“Humanity is very busily sitting on a limb that we’re sawing off,” declared failed doomsday butterfly biologist Paul Ehrlich.

Ehrlich’s prediction contributed to a chorus of scientists in a 60 minute interview declaring we are living in the Earth’s sixth mass extinction.

The 90-year-old doomsday prophet famous for his 1968 book “The Population Bomb” resurfaced last week for a 60 minutes CBS interview preaching the tired old lies that have been repeatedly proven untrue for the last 50 years.

His book, highly respected by the scientific community, initially written to influence the ‘68 election, predicted hundreds of millions of people would die within the decade from famine driven by overpopulation.

In its heyday, “The Population Bomb” sparked widespread environmentally-focused panic among the masses and elites alike.

Despite Ehrlich’s failed predictions and misleading data, this panic continues to infect new generations today.

From Representative Alexandra Ocasio-Cortez wailing that the “world will end in 12 years” if climate change is not addressed to the climate clock in the heart of Times Square ticking down the years, days, hours, minutes, and seconds to irreversible damage to the earth, we are a people fearful of apocalypse.

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Ehrlich’s book begins with the same sense of defeatism and urgency, “The battle to feed all of humanity is over.” In a 1970 CBS interview he declared, “Sometime in the next 15 years, the end will come,” meaning the end of earth’s capacity to support humanity.

Yet, this proved entirely false.

The green revolution and the implementation of fertilizers for mass crop production worldwide actually contributed to an increase in global prosperity and population size, while simultaneously producing enough food to sustain it.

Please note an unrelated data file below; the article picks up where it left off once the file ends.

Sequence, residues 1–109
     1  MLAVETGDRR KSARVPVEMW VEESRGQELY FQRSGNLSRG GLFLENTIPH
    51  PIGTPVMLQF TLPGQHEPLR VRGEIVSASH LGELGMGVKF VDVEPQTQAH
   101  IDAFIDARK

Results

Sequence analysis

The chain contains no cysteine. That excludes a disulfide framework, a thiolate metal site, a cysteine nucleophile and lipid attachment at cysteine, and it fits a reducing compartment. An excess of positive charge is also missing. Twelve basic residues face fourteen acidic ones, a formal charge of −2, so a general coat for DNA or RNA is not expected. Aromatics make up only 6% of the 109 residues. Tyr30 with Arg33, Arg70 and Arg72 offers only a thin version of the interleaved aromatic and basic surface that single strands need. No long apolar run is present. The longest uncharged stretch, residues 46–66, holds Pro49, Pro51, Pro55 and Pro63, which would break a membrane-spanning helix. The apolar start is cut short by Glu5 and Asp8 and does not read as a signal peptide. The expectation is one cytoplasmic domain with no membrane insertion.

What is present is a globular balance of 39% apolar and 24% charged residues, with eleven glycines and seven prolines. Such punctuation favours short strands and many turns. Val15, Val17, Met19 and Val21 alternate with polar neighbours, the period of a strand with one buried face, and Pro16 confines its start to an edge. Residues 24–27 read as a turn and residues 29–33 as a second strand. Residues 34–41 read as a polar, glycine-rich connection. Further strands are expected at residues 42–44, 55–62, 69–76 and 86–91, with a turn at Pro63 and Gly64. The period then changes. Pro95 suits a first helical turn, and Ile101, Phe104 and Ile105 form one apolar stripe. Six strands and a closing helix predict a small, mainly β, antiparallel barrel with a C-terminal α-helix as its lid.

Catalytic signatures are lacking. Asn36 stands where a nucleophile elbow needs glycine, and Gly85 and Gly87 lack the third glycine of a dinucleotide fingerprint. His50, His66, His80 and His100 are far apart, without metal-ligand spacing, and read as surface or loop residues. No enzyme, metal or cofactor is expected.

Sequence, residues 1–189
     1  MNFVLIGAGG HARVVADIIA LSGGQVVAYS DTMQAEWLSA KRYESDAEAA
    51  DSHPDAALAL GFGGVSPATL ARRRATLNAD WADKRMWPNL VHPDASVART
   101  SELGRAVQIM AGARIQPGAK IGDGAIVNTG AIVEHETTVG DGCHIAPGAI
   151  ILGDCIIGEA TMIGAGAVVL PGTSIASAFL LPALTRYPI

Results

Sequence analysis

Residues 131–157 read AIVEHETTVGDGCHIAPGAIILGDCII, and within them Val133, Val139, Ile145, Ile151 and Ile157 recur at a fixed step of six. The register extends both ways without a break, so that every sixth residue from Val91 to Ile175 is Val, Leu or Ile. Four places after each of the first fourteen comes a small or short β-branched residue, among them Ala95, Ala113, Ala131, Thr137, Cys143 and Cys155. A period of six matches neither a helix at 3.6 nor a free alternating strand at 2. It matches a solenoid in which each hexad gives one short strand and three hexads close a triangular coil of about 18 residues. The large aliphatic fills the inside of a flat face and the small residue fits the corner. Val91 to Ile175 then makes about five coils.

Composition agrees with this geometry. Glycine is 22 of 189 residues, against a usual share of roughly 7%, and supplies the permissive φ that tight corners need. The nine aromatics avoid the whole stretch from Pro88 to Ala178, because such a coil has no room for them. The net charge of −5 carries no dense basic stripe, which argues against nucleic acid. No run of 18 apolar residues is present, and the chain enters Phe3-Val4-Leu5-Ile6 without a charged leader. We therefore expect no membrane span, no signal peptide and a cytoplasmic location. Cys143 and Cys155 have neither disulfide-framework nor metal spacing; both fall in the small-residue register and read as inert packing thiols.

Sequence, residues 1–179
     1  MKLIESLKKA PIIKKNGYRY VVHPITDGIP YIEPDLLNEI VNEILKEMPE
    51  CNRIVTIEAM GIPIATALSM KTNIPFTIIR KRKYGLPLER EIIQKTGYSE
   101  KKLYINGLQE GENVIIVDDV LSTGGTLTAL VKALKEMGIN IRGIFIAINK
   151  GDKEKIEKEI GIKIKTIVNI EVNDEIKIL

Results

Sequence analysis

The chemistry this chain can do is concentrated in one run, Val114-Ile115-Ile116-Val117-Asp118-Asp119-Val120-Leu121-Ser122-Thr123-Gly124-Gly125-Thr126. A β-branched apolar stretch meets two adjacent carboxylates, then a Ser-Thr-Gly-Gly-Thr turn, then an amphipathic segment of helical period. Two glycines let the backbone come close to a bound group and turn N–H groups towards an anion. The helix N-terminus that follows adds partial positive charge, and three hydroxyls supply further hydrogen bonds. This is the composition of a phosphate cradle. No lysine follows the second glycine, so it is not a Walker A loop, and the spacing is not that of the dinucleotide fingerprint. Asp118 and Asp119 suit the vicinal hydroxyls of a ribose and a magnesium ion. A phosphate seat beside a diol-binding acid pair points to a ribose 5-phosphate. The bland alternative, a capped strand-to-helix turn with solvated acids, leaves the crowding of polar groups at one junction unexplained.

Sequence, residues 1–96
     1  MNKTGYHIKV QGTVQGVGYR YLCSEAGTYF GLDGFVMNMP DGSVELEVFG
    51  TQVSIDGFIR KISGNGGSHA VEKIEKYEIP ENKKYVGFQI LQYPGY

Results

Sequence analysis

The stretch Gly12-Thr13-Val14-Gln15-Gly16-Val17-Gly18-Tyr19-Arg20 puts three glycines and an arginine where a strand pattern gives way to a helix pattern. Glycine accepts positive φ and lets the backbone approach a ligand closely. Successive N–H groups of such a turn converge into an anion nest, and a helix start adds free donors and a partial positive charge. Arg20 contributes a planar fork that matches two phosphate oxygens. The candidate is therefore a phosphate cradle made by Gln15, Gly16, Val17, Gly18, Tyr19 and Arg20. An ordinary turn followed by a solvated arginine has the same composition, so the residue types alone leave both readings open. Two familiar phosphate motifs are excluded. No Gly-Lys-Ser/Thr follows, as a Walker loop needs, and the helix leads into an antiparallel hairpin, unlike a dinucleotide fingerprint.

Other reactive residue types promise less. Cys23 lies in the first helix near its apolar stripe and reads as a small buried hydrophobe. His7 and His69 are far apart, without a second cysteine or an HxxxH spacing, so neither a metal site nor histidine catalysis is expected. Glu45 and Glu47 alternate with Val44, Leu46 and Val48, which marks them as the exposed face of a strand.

When this book was published, there were merely 3.5 billion people on the planet.

Today, there are over 8 billion.

Eight billion people, wealthier and better fed than at any other point in recorded history.

Yet, the same prophecies continue to be pronounced, and perhaps even more astonishingly, continue to be respected, even when it comes from the mouth of a wizened, defeated prophet.

This ideology has serious moral and financial consequences.

In the omnibus spending bill signed into law by President Biden before the end of the year, more than half a billion dollars were allocated for “family planning/reproductive health, including in areas where population growth threatens biodiversity or endangered species”.

Why send money to Planned Parenthood, although they did that too, when you can write sterilization and abortion into the budget directly?

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When human existence itself becomes the problem, our solutions get ugly fast. In response to this book as well as at Ehrlich’s outright suggestion, China enforced the one-child policy resulting in coerced abortions across their country. India required sterilization for access to pay raises, water, electricity, and ration cards.

The Philippines dropped birth control pills out of helicopters over remote villages. The West successfully slashed fertility in poor sectors of their countries through agencies like The International Planned Parenthood Federation, the Population Council, the World Band, and the United Nations Population Fund. In NYC, more African American babies were killed through abortion than born in 2016.

This immoral anti-human ideology has no place in a sane society.

In a 2018 interview to celebrate his book’s fiftieth anniversary, Ehrlich responded to the criticism that the book used insect models to predict human population consumption “the mathematics are the same, insects or people”.

This is a direct divergence from the Judeo-Christian philosophy of the traditional West, that man is created in the image of God, with capacity for reason and the responsibility to steward.

Here the mathematics fall behind.

For if man can create, he can adapt and innovate, with fertilizers, drip systems, and crop rotation. He can provide food to a growing population and where sin has marred the land, restore it with grace.

But if man is not wise enough to follow the first commandment of Scripture, “Be fruitful and multiply, and fill the earth and subdue it,” he proves himself dumber than the beasts.

Catie Robertson is an intern with the Convention of States Project, a project of Citizens for Self-Government.

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